“Then,” wrote the correspondent, “I saw something that I had never seen before.” This boy, badly wounded himself, made his way to the shore with the seemingly lifeless body of his fellow marine. He “put the head of his companion on his knee. … What a picture that was—these two mortally wounded boys—both … clean, wonderful-looking young men, even in their distressing situation. And the one boy bowed his head over the other and said, ‘I command you, in the name of Jesus Christ and by the power of the priesthood, to remain alive until I can get medical help.’” The correspondent concluded his article: “The three of us [the two marines and I] are here in the hospital. The doctors don’t know [how they made it alive], but I know.”11
Miracles are everywhere to be found when the priesthood is understood, its power is honored and used properly, and faith is exerted. When faith replaces doubt, when selfless service eliminates selfish striving, the power of God brings to pass His purposes.
The call of duty can come quietly as we who hold the priesthood respond to the assignments we receive. President George Albert Smith, that modest but effective leader, declared, “It is your duty first of all to learn what the Lord wants and then by the power and strength of His holy Priesthood to [so] magnify your calling in the presence of your fellows … that the people will be glad to follow you.”12
Such a call of duty—a much less dramatic call but one which nonetheless helped to save a soul—came to me in 1950 when I was a newly called bishop. My responsibilities as a bishop were many and varied, and I tried to the best of my ability to do all that was required of me. The United States was engaged in a different war by then. Because many of our members were serving in the armed services, an assignment came from Church headquarters for all bishops to provide each serviceman a subscription to the Church News and the Improvement Era, the Church’s magazine at that time. In addition, each bishop was asked to write a personal, monthly letter to each serviceman from his ward. Our ward had 23 men in uniform. The priesthood quorums, with effort, supplied the funds for the subscriptions to the publications. I undertook the task, even the duty, to write 23 personal letters each month. After all these years I still have copies of many of my letters and the responses received. Tears come easily when these letters are reread. It is a joy to learn again of a soldier’s pledge to live the gospel, a sailor’s decision to keep faith with his family.
One evening I handed to a sister in the ward the stack of 23 letters for the current month. Her assignment was to handle the mailing and to maintain the constantly changing address list. She glanced at one envelope and, with a smile, asked, “Bishop, don’t you ever get discouraged? Here is another letter to Brother Bryson. This is the 17th letter you have sent to him without a reply.”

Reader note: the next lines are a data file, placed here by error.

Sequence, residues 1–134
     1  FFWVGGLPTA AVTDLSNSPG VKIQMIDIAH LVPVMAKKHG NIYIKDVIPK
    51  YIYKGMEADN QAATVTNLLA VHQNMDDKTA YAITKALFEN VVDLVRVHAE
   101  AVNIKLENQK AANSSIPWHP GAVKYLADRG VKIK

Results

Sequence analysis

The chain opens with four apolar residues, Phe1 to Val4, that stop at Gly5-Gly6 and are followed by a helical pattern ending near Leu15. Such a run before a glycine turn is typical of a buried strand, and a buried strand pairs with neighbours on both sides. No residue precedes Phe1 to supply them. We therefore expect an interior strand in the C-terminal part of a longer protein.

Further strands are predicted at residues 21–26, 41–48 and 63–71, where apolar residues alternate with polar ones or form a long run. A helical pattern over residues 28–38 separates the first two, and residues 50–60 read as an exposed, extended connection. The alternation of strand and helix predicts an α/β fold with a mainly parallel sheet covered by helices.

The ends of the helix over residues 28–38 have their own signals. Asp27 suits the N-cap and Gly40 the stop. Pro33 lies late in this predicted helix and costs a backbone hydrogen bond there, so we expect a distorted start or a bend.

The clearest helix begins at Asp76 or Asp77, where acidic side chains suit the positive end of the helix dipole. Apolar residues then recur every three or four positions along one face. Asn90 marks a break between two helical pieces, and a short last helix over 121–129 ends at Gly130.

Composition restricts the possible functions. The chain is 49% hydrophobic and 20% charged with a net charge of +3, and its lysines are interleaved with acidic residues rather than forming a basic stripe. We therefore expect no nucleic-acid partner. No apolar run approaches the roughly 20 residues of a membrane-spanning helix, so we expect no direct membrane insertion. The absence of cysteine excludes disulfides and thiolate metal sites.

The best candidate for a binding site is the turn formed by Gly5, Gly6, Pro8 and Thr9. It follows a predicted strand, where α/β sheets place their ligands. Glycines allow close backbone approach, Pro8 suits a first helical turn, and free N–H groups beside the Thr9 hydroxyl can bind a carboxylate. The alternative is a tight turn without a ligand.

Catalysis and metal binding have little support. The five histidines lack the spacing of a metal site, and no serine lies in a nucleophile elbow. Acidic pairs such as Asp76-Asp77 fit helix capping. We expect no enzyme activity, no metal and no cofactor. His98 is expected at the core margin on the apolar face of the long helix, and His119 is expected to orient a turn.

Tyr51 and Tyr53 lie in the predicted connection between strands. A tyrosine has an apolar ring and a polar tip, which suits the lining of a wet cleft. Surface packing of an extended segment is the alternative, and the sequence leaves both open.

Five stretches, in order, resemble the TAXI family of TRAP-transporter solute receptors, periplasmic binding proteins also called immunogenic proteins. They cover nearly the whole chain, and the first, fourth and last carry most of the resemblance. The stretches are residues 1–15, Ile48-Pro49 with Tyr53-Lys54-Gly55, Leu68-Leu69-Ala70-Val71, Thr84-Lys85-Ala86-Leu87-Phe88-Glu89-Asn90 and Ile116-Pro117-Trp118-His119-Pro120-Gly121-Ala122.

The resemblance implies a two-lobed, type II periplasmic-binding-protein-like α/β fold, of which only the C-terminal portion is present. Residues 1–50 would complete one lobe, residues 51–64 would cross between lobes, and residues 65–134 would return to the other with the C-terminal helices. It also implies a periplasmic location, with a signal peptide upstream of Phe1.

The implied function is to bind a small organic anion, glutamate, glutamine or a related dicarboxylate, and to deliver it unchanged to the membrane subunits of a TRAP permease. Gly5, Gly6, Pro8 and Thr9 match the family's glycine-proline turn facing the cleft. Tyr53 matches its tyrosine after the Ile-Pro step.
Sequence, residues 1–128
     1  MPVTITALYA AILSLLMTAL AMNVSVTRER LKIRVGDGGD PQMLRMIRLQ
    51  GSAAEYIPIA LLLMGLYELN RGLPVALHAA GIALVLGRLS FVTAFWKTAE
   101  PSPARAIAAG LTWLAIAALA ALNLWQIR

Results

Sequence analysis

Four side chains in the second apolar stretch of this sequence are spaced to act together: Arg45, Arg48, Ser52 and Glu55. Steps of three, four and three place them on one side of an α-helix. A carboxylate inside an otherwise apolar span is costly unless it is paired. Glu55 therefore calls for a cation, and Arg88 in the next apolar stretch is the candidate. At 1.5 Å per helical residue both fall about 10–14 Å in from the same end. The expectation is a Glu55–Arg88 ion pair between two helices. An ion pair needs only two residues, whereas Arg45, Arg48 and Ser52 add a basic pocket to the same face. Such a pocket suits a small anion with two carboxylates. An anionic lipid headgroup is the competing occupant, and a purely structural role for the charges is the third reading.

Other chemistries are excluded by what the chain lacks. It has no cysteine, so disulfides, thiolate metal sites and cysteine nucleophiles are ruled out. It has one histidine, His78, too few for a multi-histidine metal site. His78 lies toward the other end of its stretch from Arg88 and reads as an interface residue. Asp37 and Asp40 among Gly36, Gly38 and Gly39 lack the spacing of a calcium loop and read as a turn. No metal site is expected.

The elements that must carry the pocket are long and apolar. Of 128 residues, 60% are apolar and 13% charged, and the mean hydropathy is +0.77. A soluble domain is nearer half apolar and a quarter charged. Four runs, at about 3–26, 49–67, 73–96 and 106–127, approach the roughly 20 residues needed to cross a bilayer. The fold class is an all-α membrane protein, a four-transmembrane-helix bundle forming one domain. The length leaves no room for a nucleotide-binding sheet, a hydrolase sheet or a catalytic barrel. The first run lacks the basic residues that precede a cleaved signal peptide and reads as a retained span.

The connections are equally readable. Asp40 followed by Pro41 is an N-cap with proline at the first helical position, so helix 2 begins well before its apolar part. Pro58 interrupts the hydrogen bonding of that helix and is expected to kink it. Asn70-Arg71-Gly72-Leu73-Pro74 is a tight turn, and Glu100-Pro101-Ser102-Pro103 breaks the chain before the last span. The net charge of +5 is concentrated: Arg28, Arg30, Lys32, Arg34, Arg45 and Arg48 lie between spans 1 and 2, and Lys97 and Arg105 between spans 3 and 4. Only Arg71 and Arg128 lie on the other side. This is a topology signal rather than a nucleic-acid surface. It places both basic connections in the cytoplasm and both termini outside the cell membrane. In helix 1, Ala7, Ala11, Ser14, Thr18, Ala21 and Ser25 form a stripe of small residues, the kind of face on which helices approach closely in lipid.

I responded, “Well, maybe this will be the month.” As it turned out, that was the month. For the first time, he responded to my letter. His reply is a keepsake, a treasure. He was serving far away on a distant shore, isolated, homesick, alone. He wrote, “Dear Bishop, I ain’t much at writin’ letters.” (I could have told him that several months earlier.) His letter continued, “Thank you for the Church News and magazines, but most of all thank you for the personal letters. I have turned over a new leaf. I have been ordained a priest in the Aaronic Priesthood. My heart is full. I am a happy man.”
Brother Bryson was no happier than was his bishop. I had learned the practical application of the adage “Do [your] duty; that is best; leave unto [the] Lord the rest.”13
Years later, while attending the Salt Lake Cottonwood Stake when James E. Faust served as its president, I related that account in an effort to encourage attention to our servicemen. After the meeting, a fine-looking young man came forward. He took my hand in his and asked, “Bishop Monson, do you remember me?”
I suddenly realized who he was. “Brother Bryson!” I exclaimed. “How are you? What are you doing in the Church?”
With warmth and obvious pride, he responded, “I’m fine. I serve in the presidency of my elders quorum. Thank you again for your concern for me and the personal letters which you sent and which I treasure.”
Brethren, the world is in need of our help. Are we doing all we should? Do we remember the words of President John Taylor: “If you do not magnify your callings, God will hold you responsible for those whom you might have saved had you done your duty”?14 There are feet to steady, hands to grasp, minds to encourage, hearts to inspire, and souls to save. The blessings of eternity await you. Yours is the privilege to be not spectators but participants on the stage of priesthood service. Let us hearken to the stirring reminder found in the Epistle of James: “Be ye doers of the word, and not hearers only, deceiving your own selves.”15
Let us learn and contemplate our duty. Let us be willing and worthy to serve. Let us in the performance of our duty follow in the footsteps of the Master. As you and I walk the pathway Jesus walked, we will discover He is more than the babe in Bethlehem, more than the carpenter’s son, more than the greatest teacher ever to live. We will come to know Him as the Son of God, our Savior and our Redeemer. When to Him came the call of duty, He answered, “Father, thy will be done, and the glory be thine forever.”16 May each of us do likewise, I pray in His holy name, the name of Jesus Christ, the Lord, amen.